We use the estimated logit coefficients to predict the marginal effect of perceived desirability and feasibility on the probability of entrepreneurial career intentions at all values of perceived PPE on the scale from 1 to 7 and at the mean values of other explanatory variables. Model 3 shows a negative interaction between perceived desirability and perceived PPE on entrepreneurial career intention. We found that when perceived PPE is low (1), a one-unit increase of the perceived desirability variable increases the probability of entrepreneurial career intention by 26.1%. By contrast, when perceived PPE is high (7), a one-unit increase of the perceived desirability variable increases the probability of entrepreneurial career intention by 17.6%. Figure 4 in Appendix 1 graphically displays this marginal effect. These results show that perceived PPE attenuates the positive relationship between offspring’s perceived entrepreneurial desirability and their entrepreneurial career intentions.
Model 4 shows a negative interaction between perceived feasibility and perceived PPE on entrepreneurial career intention. We found that when perceived PPE is low (1), a one-unit increase of the perceived feasibility variable increases the probability of entrepreneurial career intention by 3.8%. By contrast, when the perceived PPE is high (7), a one-unit increase of the perceived feasibility variable decreases the probability of entrepreneurial career intention by 2.4% (see Fig. 5 in Appendix 1). Again, these results show that perceived PPE attenuates the positive relationship between offspring’s perceived entrepreneurial feasibility and their entrepreneurial career intentions.
Following recent recommendations related to testing moderated mediation models, we used the bootstrapping procedure of Preacher et al. (2007). We thus quantified the indirect effects of parents’ performance on the desirability-intention and feasibility-intention relationships at very low (−2SD), low (−1SD), mean, high (+1SD), and very high (+2SD) levels of perceived PPE (Preacher, Rucker, and Hayes 2007). Table 4 presents the indirect effects at different values of perceived PPE and provides 95% confidence level intervals for these effects. For perceived desirability, none of the confidence intervals contain zero. Thus, we can conclude that the indirect effect is statistically significant (p < 0.05) at very low, low, mean, high, and very high values of the moderator. Furthermore, we can observe that the effect of perceived desirability on offspring’s entrepreneurial career intention is weaker at high compared to low levels of perceived PPE, as the coefficient decreases from 0.193 (very low perceived PPE) to 0.134 (very high perceived PPE). These results further support hypothesis 3. Similarly, we observe that the effect of perceived feasibility on offspring’s entrepreneurial career intention decreases from 0.029 for offspring with very low perceived PPE to −0.019 for offspring with very high perceived PPE. These results also support hypothesis 4.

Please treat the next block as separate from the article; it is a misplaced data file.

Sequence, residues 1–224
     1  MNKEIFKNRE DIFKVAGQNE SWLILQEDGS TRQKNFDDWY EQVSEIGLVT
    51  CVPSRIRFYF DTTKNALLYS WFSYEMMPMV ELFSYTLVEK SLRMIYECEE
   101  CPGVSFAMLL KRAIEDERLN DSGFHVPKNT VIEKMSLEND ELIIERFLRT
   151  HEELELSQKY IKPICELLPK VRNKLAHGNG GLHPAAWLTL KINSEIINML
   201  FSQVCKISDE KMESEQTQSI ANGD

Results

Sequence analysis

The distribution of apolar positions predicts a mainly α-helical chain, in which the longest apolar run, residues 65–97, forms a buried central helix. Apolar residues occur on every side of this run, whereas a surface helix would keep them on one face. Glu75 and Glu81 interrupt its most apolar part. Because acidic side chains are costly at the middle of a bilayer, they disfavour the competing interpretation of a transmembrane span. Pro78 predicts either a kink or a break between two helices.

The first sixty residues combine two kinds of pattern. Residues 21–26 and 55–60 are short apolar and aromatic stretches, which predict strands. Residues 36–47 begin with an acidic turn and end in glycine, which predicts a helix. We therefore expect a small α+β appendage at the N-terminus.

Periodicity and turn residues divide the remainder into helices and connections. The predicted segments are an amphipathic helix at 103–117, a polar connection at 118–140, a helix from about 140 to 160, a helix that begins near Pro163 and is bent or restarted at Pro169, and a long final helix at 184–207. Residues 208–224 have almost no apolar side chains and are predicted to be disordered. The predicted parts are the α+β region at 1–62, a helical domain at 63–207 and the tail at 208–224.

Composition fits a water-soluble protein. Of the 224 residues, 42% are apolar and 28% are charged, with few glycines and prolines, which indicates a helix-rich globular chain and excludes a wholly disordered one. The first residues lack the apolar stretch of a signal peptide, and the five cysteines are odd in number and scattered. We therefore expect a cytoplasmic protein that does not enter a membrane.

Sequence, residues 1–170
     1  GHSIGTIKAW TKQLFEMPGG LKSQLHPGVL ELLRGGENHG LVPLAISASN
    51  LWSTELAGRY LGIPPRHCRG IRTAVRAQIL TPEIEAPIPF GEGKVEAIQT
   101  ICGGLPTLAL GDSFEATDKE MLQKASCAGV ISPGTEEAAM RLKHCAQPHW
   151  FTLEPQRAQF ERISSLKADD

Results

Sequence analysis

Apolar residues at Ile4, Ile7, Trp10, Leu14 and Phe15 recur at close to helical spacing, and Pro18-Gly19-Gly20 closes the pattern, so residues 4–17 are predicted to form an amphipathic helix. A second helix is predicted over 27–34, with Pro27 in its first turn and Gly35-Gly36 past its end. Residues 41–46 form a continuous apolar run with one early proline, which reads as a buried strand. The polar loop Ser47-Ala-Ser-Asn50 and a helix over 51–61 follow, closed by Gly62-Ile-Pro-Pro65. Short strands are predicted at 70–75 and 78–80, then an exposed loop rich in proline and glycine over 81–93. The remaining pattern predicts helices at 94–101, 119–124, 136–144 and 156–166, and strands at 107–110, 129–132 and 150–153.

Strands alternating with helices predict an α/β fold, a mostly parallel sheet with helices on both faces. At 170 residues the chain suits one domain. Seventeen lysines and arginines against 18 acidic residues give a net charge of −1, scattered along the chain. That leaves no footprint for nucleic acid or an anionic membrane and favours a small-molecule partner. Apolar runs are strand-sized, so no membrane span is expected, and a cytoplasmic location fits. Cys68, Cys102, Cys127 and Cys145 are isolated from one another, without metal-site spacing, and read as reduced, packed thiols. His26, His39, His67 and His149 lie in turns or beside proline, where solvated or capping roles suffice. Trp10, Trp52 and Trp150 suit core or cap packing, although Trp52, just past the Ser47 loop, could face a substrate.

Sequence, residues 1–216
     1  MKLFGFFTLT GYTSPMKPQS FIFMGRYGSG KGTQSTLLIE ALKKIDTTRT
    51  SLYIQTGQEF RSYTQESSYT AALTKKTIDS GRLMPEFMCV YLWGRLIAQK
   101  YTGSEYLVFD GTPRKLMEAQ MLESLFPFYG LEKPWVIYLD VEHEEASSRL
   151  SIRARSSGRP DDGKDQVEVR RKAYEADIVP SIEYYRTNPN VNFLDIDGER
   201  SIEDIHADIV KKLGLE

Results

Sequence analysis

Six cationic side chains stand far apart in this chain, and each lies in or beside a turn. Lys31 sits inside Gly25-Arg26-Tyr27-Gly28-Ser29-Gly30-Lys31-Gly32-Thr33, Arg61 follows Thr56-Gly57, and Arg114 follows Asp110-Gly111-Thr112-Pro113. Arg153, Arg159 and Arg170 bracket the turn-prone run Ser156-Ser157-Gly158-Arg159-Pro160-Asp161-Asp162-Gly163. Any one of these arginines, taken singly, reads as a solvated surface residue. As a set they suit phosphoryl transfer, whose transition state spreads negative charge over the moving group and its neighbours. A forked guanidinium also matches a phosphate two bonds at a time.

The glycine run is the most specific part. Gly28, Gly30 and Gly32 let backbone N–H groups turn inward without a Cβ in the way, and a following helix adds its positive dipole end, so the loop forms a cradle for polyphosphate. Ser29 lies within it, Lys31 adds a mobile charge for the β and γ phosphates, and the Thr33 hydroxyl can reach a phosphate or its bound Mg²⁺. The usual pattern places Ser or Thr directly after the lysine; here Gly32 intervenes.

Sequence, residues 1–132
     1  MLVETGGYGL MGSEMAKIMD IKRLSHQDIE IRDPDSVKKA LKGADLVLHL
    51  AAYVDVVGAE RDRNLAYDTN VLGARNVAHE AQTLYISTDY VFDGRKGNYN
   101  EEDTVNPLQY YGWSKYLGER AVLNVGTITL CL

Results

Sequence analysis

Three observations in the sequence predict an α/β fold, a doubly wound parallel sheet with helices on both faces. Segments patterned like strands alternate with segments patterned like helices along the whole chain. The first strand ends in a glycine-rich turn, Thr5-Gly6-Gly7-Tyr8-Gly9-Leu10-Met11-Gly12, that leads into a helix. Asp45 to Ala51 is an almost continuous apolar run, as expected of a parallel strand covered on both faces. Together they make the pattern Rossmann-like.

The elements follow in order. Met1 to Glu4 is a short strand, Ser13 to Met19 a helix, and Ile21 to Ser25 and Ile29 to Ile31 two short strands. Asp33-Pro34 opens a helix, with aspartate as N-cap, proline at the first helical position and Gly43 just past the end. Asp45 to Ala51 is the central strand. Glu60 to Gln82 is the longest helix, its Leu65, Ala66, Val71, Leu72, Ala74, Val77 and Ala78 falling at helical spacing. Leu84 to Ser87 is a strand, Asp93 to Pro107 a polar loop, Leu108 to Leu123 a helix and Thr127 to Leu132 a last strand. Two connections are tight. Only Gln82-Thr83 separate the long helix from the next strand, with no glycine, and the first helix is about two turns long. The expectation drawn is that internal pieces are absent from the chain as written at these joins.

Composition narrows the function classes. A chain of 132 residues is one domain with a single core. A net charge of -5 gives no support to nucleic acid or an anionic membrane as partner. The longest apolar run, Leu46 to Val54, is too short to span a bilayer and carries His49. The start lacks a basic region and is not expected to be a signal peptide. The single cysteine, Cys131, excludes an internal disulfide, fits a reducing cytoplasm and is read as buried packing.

The moderating effects are plotted using Stata’s margins procedure. Figure 2 displays the perceived desirability-intention relationship moderated by perceived PPE. The figure shows that the relationship between offspring’s perceived desirability and entrepreneurial career intention is positive for all values of the moderating variable. However, for high values of perceived desirability, as perceived PPE increases, entrepreneurial career intentions decrease. These results corroborate our theoretical reasoning. Further, we perform a slope difference test to check whether the slopes are significantly different. The test results show that the relationship between perceived desirability and entrepreneurial career intention is significantly different for low and high values of perceived PPE (coef. = −0.030, p < 0.001 for ±1SD; coef. = −0.059, p < 0.001 for ±2SD).
In Fig. 3, we plot the perceived feasibility-intention relationship moderated by perceived PPE. Figure 3 shows that for high values of perceived feasibility, as perceived PPE increases, entrepreneurial career intentions decrease, corroborating our theoretical predictions. Moreover, Fig. 3 shows that the relationship between perceived feasibility and offspring’s entrepreneurial career intention is positive from low to medium levels of perceived PPE, whereas this relationship becomes negative from medium to high values of the moderating variable. Finally, we perform a slope difference test to check whether the slopes are significantly different. The test results show that the relationship between perceived feasibility and entrepreneurial career intention is significantly different for low and high values of perceived PPE (coef. = −0.025, p < 0.001 for ±1SD; coef. = −0.049, p < 0.001 for ±2SD).
5.1 Robustness checks
To mitigate potential issues related to effect sizes, we followed Hoetker (2007), who suggested that one should “calculate the effect for several sets of theoretically interesting and empirically relevant values of the variables, rather than trying to calculate an aggregate value for the entire sample” (p. 335). Therefore, we re-ran the analyses on a subsample based on geographical clusters, i.e., a European subsample.Footnote 9 The main results remained stable (see Table 5 in the Appendix 2).